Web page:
After years of uninterrupted growth, the BYOD phenomenon may now be on the decline. According to a CompTIA survey of 375 U.S. IT professionals in various private businesses, 53% of private companies have gone on to ban the use of personal devices for work, as told Matt Hamblen, the Senior Editor for Computerworld; the numbers went up significantly from the 34% reported in 2013.

Dennis Doyel, Chief Operating Officer at Mobile Solutions Services, Inc., explains that the reason for BYOD “fading fast” in many corporate environments is not simply the rise in new security concerns to be managed and the potential loss of control over who accesses corporate sensitive data, but there are also additional motives. For one, BYOD often fails to bring real cost savings to employers after factoring in reimbursement to employees for incurred expenses and the costs of managing MDM software. Also, it can be a disruptive phenomenon without proper accountability, management of usage and oversight of data security, Doyel said.

Employees, in general, are also getting colder about the bring-your-own-device movement. The concerns are for the safety of their personal data and their proper segregation from anything company-related, and, more importantly, the difficulty of keeping the work-life balance required to continue being productive employees. A BYOD device makes the line between personal and professional life blurry for many who would rather keep the devices separate as a physical reminder.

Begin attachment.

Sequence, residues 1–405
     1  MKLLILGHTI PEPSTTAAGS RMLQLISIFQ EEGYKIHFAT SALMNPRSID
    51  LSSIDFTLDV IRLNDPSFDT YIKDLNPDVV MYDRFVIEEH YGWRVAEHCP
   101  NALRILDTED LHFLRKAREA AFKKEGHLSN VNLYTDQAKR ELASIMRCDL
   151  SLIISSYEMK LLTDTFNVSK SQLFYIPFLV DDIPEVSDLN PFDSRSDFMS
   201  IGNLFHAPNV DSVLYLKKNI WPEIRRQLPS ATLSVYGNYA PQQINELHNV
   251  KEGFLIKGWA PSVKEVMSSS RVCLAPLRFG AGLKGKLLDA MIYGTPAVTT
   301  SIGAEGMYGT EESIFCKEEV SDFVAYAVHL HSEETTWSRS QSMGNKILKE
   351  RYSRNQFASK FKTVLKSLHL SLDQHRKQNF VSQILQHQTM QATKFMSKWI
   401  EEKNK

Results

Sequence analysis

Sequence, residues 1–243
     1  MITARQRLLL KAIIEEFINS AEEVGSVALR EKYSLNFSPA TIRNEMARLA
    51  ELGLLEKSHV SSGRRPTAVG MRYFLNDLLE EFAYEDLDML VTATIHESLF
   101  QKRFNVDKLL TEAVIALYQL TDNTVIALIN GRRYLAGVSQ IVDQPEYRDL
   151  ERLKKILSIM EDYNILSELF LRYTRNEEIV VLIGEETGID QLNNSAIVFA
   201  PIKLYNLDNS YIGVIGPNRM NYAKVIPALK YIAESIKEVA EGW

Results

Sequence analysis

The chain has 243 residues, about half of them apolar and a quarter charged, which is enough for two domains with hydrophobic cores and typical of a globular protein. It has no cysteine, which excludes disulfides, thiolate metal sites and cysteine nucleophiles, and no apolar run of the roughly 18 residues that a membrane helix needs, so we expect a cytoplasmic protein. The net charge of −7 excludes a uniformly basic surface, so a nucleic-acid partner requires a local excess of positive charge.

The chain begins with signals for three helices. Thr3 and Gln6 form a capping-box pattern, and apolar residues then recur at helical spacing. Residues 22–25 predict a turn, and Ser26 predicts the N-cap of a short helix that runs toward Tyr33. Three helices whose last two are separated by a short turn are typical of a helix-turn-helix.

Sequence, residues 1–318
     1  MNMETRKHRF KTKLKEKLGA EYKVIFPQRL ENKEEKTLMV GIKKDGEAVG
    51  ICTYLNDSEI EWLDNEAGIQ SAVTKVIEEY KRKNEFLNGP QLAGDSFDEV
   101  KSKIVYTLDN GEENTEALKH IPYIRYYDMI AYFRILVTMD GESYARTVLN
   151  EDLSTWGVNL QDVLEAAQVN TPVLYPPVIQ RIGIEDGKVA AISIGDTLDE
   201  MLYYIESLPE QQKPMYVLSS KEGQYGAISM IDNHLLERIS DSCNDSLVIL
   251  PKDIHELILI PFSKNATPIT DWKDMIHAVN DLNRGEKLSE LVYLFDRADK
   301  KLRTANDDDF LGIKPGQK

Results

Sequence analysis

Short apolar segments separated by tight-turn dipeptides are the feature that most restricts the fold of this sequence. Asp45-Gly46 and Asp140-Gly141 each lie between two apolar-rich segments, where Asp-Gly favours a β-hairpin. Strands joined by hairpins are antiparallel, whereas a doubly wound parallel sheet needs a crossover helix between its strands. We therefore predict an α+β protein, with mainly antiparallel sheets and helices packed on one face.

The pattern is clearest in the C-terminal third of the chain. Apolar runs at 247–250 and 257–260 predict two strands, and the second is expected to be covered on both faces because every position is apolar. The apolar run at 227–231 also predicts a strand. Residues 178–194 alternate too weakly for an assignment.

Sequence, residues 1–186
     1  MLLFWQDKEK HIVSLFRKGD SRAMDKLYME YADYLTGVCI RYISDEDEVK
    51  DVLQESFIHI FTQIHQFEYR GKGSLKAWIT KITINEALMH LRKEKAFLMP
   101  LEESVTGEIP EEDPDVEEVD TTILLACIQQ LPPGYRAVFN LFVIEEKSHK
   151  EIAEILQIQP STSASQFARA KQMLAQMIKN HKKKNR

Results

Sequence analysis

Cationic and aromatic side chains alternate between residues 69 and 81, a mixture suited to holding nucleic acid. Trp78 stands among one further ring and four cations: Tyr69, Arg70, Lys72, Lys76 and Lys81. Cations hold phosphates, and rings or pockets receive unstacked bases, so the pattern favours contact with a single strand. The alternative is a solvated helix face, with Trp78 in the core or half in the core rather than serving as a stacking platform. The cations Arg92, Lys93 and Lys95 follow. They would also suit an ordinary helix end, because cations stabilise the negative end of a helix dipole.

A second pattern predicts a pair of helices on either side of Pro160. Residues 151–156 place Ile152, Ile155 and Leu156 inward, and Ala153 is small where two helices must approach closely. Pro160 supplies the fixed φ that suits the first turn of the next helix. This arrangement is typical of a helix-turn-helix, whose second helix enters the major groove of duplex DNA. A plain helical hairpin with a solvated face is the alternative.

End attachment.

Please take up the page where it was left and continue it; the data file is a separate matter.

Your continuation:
Nevertheless, Gartner’s research continues to believe that BYOD is on the rise and predicts that half of all businesses will require workers to use a personal device for work by 2017. According to Bob Egan, an analyst at Sepharim Group, however, the growth in BYOD is “more myth than matter.”

So who is right about BYOD; will it be at an even greater trend or is it on a decline and fading fast? Will the rapid rise of the BYOD movement continue to be fueled by the need to rely on collaboration in real-time from any location? Alternatively, will BYOD no longer be a common practice in the work environment, as the security risks are just too much and could potentially outweigh its benefits?

Though BYOD does increase challenges and changes, the risks can be mitigated by educating employees on best-practice policies and governance, particularly the appropriate use of company’s data on personal mobile devices. Brandon Jones, marketing manager for Rocket Software, and the owner of MMT Advertising believes that “all-in-all, while some may look at BYOD as “Bring Your Own Dilemma,” at some point it may be a dilemma that your company may just need to work through.” Surely, putting a ban on personal devices will solve many issues when it comes to corporate security, but companies will soon discover that there might not be that many differences between a corporate-owned or personally-owned device in mobile device management (MDM) strategies that take a full-device approach to a secure BYOD solution deployment.